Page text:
Introduction: LED Strip Controller

About: Student Maker - Design Technology @ UWCSEA East Singapore - Brown Design Workshop

In this Instructable, I will be taking you through the steps of how to use and manage your LED strips by building a control interface. I have had a lot of fun with these lights as I am sure you will too. If you like this instructable, please be sure to vote for it in the Lighting Challenge!

With this controller, the user will be able to select different colors as well as actions such as blink, fade, and chase to their LED strip. The applications and adaptations are endless. Enjoy :)

Safety Considerations: when soldering, make sure to work in a well-ventilated area with a proper mat and safety glasses. Also, ensure the use of proper PPE when working with different tools throughout this tutorial.

*Other notes: This project does not include the housing but rather the circuit, code, and general interface. This gives you the freedom to design the housing as you see fit :)


  • LCD 20x04 Screen
  • I2C Module
  • Perf Board (9 x 15 cm)
  • Jumper Cables (M to F, M to M, F to F)
  • 6x 10k Ohm
  • Arduino USB Cable
  • 4x Large PTM Buttons
  • 2x Small PTM Buttons
  • 7x Small Junctions (Optional)
  • 3x M2 Screwa
  • 3x M2 Hex Nuts
  • 2x 12 V 1A Adapters
  • Arduino Uno Board
  • 5 - 10m of LED Strip Lights

Step 1: LCD, I2C, Arduino UNO and Perf Board

1. Solder the I2C module to the back of the LCD 20x04 display. The I2C module is used to communicate with an LCD screen without the need for a mess of wires. Do not worry about pin connections to the Arduino Uno yet.

2. Secure the LCD screen to the top of the perf board using M2 screws and hex nuts.

3. Secure the Arduino to the bottom of the perf board using M2 screws and hex nuts. It is very important that both these components are secure and do not move.

Step 2: Buttons + Initial Circuitry

1. Using male to female jumper cables, attach the pins to the ports on the Arduino as listed below:

  • GND (LCD) - GND (Arduino)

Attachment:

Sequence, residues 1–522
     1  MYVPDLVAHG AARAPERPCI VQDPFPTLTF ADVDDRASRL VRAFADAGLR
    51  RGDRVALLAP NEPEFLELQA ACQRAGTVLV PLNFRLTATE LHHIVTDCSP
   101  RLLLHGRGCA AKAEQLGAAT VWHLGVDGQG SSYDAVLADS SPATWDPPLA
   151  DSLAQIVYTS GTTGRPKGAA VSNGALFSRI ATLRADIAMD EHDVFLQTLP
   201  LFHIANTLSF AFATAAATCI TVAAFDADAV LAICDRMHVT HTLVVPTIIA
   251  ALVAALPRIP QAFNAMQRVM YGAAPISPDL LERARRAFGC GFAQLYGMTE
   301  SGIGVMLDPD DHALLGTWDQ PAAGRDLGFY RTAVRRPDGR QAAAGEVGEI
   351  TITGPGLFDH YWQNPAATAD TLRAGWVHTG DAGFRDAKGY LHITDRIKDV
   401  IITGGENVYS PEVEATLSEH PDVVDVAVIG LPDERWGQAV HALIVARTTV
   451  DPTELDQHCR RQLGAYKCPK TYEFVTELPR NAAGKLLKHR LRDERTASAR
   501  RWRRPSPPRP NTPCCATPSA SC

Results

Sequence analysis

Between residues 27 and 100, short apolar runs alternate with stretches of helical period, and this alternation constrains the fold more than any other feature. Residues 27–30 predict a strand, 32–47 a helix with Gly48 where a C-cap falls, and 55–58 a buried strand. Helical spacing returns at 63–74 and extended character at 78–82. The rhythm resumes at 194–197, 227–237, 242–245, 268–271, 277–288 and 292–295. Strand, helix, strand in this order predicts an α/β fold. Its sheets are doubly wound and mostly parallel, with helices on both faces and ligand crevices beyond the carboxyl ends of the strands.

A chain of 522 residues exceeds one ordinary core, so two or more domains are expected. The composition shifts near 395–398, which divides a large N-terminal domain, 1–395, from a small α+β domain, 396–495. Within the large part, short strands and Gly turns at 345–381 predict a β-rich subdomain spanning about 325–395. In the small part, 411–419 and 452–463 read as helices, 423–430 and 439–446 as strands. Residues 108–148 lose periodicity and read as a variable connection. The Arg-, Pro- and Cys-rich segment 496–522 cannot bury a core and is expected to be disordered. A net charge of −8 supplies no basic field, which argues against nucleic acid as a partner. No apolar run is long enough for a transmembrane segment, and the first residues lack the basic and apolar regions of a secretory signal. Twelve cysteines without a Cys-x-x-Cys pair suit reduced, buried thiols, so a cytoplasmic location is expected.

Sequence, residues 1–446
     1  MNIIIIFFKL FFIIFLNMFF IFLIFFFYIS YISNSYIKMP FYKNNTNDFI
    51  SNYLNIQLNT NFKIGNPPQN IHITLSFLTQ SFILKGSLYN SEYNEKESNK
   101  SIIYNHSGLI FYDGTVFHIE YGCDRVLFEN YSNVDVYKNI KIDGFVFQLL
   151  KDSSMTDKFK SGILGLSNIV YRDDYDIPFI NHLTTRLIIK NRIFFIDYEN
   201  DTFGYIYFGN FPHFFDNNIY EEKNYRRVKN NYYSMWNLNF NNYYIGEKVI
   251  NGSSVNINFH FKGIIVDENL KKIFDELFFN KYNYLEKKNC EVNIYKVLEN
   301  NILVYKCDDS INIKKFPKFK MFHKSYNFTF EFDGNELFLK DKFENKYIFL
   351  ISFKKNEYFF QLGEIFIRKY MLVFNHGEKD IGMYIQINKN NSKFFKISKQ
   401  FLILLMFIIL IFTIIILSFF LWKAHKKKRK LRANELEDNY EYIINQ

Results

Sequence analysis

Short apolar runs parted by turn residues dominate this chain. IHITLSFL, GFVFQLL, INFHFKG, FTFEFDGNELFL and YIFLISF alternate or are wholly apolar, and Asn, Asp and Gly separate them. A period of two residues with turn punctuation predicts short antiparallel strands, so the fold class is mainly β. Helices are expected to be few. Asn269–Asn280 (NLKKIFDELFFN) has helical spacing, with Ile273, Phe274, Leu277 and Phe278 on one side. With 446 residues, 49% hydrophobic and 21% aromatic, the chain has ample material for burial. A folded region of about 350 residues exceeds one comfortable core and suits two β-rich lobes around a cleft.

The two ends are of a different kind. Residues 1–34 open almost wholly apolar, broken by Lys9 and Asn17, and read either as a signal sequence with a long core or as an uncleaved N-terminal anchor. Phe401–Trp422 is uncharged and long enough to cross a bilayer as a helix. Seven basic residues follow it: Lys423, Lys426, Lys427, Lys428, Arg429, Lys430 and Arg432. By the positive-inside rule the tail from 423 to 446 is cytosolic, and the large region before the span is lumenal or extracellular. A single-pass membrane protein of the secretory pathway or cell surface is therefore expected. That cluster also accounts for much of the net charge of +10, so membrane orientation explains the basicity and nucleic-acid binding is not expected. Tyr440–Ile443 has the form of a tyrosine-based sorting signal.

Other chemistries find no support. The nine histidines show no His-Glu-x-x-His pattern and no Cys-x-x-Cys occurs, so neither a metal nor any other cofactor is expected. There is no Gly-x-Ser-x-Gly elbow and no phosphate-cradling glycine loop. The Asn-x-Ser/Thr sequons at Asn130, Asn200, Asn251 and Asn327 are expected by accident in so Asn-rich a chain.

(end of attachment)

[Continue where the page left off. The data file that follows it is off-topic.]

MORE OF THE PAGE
• VCC (LCD) - 5V (Arduino)
  • SDA (LCD) - A4 (Arduino)
  • SCL (LCD) - A5 (Arduino)

2. Place the 4 large PTM (push-to-make) buttons in a square format as seen above on the perf board. There should be a top left, bottom left, top right, and bottom right button. No connections need to be made to these buttons yet.

Step 3: Setting Up the Main Buttons

Now it is time to attach these buttons to the Arduino. Ensure that you wire these in a neat fashion in order to keep the UI clear for the user.

1. Attach all the buttons to a common5V rail which is connected to the Arduino.

2. The other terminal of each button should be connected to the following Arduino UNO pins:

  • Top Left Button..........Pin 8
  • Bottom Left Button..........Pin 9
  • Top Right Button..........Pin 10
  • Bottom Right Button..........Pin 11

3. Finally, each terminal (not the 5V) should also be connected to a 10K Ohm pull-down resistor to GND in order to reduce floating voltage and noise.

Step 4: Additional Power Source + LED Strip

Unfortunately, LED strips are power-intensive and therefore require adequate sources of electricity. For this reason, I added a second 12V 1A adapter solely purposed to supply voltage to the strip. However, if you can get your hands on an adapter with a larger power rating, I would highly recommend it (I couldn't due to COVID-19 restrictions).

1. Strip the power adapter cable and attach the positive wire to the positive supply on the LED strip and GND to GND on the LED strip.

2. Using a jumper cable, ensure pin 6 on the Arduino is connected to the data cable on the LED strip. This is the pin that will tell the strip how to behave/what to display.

Step 5: Smaller Buttons

I added these smaller buttons to enable the user to adjust the speed of functions such as blink, fade, and chase. Pressing the button on top increases the speed of these actions by reducing the delay that separates these loops. Both these buttons are PTM and are an optional additional feature.

1. Place buttons onto the perf board and solder them in place. Understand which sides are opposite terminals using a multimeter just to be sure.

2. One side of both buttons should again be connected to a common 5V rail.

3. The other side of both buttons should be connected to the following Arduino pins:

  • Top Button (Decrease Speed) - Pin 12 Arduino
  • Bottom Button (Increase Speed) - Pin 13 Arduino

Step 6: Software Setup

In order to run the code, you will need to install the two libraries linked below.



If you already have these libraries, go to 'Tools', then 'Library Manager', then search for these libraries and click either 'Install' or 'Update' as seen above.

Step 7: The Code

Download, copy, and paste the code below in your Arduino IDE and upload it to the board. Connect the 12V power source to the board and if everything is in place, the screen should light up with the message: 'LED STRIP CONTROLLER'.

If you face any problems with any part of the process, please feel free to ask a question in the comment section below and I will do my best to answer.

Step 8: Finished!

You are DONE! Enjoy :)

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